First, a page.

Every Wednesday, people from all over the bookish world gather ’round to share their top 5 lists concerning whatever theme that week. All under the watchful eye of the Mother of all Top5’s, Lainey.
This week, it’s all about mental health and illness. When I saw this topic, I figured that I would not participate in this Top 5. The first that came to mind, were young adult novels that are not really my cup of tea. But then I started thinking. There are other books out there, that I do read, which feature topics of mental health. While the books may not center around the topics of mental health, they do feature the issue in some way or another. So behold, five books that have an element of mental health and/or illness.
5. Stephenie Meyer, New Moon (depression)
The Twilight Saga was and never will be my favourite series, but apart from the last one – which was absolutely rubbish – I enjoyed the first three books. When Edward leaves in New Moon, Bella gets all depressed and does nothing. Meyer put this to the page by leaving four pages blank, only stating which month it is.
It might not be the most complete picture you can get of depression, but as an overall depiction of emptiness, it does the job.
4. Mark Lawrence, Prince Of Thorns (Personality disorder)
Jorg, oh Jorg.. He is one sandwich short of a picknick, isn’t he? If you look up “anti-hero” in the dictionary, his picture is next to it, but it’s alright, seeing what he’s been through. I mean, compared to him, Revenge’s Emily Thorne is fussing over a broken nail and shoes that don’t match her dress..
Jorg has issues.. Big issues. While I have yet to read books two and three, I suspect he’s a little psychopath or at least has a severe personality disorder because of the stuff he’s been through. Hence the entry here.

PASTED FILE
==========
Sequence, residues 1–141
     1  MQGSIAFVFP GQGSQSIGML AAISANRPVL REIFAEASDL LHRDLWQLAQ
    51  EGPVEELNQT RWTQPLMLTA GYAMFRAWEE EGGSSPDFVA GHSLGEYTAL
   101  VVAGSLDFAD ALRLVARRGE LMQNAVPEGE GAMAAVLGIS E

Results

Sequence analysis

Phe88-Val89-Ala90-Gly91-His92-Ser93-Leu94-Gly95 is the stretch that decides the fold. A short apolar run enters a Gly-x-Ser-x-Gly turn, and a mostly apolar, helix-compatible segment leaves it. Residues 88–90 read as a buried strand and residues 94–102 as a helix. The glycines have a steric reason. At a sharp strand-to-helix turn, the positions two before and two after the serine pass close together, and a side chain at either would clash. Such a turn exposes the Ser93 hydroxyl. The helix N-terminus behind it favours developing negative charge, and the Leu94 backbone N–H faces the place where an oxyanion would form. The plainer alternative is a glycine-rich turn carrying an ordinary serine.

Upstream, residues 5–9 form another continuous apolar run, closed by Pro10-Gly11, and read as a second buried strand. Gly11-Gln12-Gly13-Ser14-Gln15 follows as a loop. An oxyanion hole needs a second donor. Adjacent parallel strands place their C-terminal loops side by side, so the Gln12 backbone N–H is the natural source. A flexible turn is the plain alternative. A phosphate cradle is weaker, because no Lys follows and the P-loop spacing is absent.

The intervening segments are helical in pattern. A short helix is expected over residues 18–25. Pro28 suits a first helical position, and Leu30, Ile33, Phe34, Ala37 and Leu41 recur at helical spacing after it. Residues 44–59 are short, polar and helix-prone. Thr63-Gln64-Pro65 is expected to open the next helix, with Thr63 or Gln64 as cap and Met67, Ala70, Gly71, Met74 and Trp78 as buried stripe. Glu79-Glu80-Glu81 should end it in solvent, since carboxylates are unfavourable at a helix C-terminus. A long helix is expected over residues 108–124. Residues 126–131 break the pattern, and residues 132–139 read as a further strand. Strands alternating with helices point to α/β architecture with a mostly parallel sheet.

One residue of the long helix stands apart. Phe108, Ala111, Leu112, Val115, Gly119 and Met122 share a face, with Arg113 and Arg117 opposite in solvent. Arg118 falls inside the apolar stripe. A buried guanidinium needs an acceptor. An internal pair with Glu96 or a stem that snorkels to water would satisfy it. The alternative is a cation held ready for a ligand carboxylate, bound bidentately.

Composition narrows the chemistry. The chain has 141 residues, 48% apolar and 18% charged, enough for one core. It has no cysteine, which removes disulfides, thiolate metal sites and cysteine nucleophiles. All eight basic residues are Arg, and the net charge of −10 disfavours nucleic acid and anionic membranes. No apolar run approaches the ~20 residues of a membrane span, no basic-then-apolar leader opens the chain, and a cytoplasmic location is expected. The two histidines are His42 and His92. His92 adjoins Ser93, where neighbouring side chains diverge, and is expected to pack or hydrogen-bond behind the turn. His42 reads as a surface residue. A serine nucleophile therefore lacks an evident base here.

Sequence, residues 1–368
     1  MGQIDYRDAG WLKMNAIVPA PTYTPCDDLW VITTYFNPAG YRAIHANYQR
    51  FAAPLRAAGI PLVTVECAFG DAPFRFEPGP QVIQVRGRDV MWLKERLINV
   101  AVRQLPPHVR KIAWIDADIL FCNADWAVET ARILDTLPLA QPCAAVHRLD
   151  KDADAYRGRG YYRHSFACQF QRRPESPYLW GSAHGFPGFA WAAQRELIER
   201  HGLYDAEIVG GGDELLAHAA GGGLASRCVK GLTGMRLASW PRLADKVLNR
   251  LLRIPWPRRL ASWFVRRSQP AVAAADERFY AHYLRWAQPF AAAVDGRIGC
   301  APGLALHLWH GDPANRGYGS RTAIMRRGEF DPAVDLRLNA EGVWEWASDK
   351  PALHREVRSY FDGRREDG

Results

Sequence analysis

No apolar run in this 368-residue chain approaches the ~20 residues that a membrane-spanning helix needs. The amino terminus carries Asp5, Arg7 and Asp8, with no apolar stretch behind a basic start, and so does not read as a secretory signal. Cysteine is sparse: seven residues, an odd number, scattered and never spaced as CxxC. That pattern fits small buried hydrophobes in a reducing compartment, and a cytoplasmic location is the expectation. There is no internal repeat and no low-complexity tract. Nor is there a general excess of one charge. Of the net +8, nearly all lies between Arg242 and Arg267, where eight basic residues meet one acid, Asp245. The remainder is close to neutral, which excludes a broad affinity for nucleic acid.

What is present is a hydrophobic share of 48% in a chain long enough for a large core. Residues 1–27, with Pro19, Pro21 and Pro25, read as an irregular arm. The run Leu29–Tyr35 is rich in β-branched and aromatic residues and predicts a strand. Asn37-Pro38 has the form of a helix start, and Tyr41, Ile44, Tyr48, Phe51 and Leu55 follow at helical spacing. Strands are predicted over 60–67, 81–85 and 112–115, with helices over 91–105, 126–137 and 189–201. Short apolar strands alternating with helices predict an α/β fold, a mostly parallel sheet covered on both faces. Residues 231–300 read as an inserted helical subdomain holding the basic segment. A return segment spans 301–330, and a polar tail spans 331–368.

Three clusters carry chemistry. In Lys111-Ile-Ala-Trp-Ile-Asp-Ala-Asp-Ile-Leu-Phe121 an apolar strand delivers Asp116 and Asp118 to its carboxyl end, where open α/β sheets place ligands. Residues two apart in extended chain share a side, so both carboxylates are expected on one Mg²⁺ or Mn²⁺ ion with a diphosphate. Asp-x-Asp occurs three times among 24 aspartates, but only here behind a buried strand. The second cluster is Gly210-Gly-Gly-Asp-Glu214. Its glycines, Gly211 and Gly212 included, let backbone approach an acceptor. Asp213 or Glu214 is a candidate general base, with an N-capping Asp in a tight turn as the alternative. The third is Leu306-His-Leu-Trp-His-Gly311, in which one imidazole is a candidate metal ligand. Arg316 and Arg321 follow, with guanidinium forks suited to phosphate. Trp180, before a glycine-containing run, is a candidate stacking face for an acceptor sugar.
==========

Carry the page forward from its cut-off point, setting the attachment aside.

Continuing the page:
3. Kim Harrison, The Hollows series (Addiction)
Kim Harrison’s The Hollows is a series featuring different kinds of beings, vampires being one of them. Throughout the series, the vampires provide a good illustration of addiction. First and foremost, because of their bloodlust, of which Ivy – one of the main characters – shows great restraint, but also relapse and the self-loathing after succumbing to their addiction.
This series has two kinds of vampires, living ones who still have their soul and can still walk in the sun, and the undead. Later on, we see how the latter ones can possess the – weaker – living vampires in order to walk the surface by day. This leads in time to an addiction to sunlight and in return, the host craves the power of a Master. Really well done, how this is all portrayed.
2. Suzanne Collins, Mockingjay (PTSD)
When I saw this topic, I immediately thought of Mockingjay in which Katniss suffers from severe PTSD. Back when, I read reviews where people disliked Katniss’s apathy towards everything and everyone, her trying to stay secluded and losing the spark she had. Well yes, it’s a major change for the main character’s personality, but this is what a severe psychological trauma does. It’s not like someone ate the last cookie..
1. Matthew Quick, The Silver Linings Playbook (bipolar disorder)
The best, however, is Silver Linings Playbook. Granted, I’m cheating a little cause I’ve only seen the movie and the book is a bit different and less precise when it comes to diagnosis, but let’s go with it.
Apart from the fact that it is a really good movie, this came out while I was in the midst of my studies in Psychology, so the characteristics of every single disorder out there was crammed in my head. While it could have gone south easily, I really liked how they portrayed the bipolar disorder and Tiffany’s mania. Silver Linings really gave it a silver lining by letting the characters shine and achieve things even though they are ill. It goes to show that while mental illness is no topic to disregard as a mere ‘whim’ or something like that, it’s also not something alienating and does not define a person. So I may have cheated with this one, but it’s for all the right reasons..
Click here for a complete list of all the participants in T5W.